This isn't necessarily a question but something I found in my notes that I didn't understand.
It says that from B = ∇ x A one can plug this into Faraday-Lenz's law ∇ x E = d(B)/dt and it leads to the equation:
∇ x (E + d(A)/dt)=0.
From this is says "Using Helmholtz theorem, one can represent the curl free field as the gradient of a scalar potential."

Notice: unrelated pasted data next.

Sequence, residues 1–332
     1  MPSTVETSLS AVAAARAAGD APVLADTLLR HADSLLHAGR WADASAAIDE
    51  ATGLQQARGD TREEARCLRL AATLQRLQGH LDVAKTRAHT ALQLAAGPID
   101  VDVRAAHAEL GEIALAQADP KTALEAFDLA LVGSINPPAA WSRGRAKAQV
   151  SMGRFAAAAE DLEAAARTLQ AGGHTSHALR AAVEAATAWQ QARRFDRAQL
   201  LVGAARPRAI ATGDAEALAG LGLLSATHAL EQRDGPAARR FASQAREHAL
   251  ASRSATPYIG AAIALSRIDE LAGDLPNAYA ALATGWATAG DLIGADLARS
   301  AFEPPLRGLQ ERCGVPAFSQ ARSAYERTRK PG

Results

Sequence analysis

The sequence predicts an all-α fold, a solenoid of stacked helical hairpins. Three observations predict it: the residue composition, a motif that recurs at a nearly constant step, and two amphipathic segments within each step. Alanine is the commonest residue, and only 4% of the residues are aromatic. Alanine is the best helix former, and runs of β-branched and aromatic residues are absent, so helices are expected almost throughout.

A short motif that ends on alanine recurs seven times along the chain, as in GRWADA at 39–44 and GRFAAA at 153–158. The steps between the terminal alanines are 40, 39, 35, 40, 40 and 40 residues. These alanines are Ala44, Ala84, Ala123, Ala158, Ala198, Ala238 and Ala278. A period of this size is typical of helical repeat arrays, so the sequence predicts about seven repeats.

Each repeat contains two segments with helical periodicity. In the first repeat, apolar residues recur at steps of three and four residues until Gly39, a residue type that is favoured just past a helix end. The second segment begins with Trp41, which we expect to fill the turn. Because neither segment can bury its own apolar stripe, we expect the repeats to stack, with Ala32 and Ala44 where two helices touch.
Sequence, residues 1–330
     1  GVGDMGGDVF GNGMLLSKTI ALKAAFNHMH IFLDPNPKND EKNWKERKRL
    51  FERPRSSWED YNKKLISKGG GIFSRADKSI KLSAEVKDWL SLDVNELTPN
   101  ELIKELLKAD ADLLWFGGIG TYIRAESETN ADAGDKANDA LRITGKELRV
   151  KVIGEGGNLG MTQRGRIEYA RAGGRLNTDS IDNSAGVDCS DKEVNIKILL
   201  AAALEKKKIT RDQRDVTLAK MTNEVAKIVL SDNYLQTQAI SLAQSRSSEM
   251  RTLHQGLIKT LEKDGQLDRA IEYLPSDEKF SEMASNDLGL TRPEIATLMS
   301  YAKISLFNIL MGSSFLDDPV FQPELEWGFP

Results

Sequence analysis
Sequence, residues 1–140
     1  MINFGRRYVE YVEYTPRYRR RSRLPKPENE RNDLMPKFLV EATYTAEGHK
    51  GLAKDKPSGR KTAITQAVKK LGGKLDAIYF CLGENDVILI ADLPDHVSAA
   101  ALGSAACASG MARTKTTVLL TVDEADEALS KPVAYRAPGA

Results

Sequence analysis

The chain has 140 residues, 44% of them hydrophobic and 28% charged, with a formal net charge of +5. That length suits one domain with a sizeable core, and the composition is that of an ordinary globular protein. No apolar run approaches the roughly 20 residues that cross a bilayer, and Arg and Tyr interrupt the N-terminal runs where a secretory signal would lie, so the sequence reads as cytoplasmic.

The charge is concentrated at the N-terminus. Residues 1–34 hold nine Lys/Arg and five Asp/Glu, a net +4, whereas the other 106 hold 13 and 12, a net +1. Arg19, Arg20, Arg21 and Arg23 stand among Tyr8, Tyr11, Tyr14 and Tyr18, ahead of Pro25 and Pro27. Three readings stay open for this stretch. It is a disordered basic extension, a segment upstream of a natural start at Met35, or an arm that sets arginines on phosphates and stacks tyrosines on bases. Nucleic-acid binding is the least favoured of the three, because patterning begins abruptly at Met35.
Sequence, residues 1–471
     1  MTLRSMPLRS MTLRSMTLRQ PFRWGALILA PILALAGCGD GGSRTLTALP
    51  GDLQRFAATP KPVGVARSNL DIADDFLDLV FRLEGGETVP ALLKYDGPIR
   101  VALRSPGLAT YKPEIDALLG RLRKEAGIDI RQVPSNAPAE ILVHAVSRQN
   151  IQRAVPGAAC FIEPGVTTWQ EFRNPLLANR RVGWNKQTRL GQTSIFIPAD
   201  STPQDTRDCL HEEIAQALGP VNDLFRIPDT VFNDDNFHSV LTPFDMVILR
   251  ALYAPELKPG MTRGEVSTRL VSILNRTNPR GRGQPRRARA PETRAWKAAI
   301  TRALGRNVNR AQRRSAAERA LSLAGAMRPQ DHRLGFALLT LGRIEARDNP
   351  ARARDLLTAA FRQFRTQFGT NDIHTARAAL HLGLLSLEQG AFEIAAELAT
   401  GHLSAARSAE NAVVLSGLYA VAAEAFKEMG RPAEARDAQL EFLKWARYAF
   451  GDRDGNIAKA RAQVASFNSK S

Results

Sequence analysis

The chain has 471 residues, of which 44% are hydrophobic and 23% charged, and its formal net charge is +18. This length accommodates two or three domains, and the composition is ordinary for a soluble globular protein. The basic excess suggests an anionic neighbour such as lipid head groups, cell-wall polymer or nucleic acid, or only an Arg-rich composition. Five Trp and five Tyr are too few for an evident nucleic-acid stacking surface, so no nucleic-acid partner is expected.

B = ∇ x A
∇ x E = d(B)/dt
∇ x (E + d(A)/dt)=0
The Attempt at a Solution
I know that in electrostatics the curl of the electric field is zero and hence there is a scalar potential associated such that E = -∇ V but I don't see the jump for the case involving the vector potential.
Any guidance/explanation would be greatly appreciated.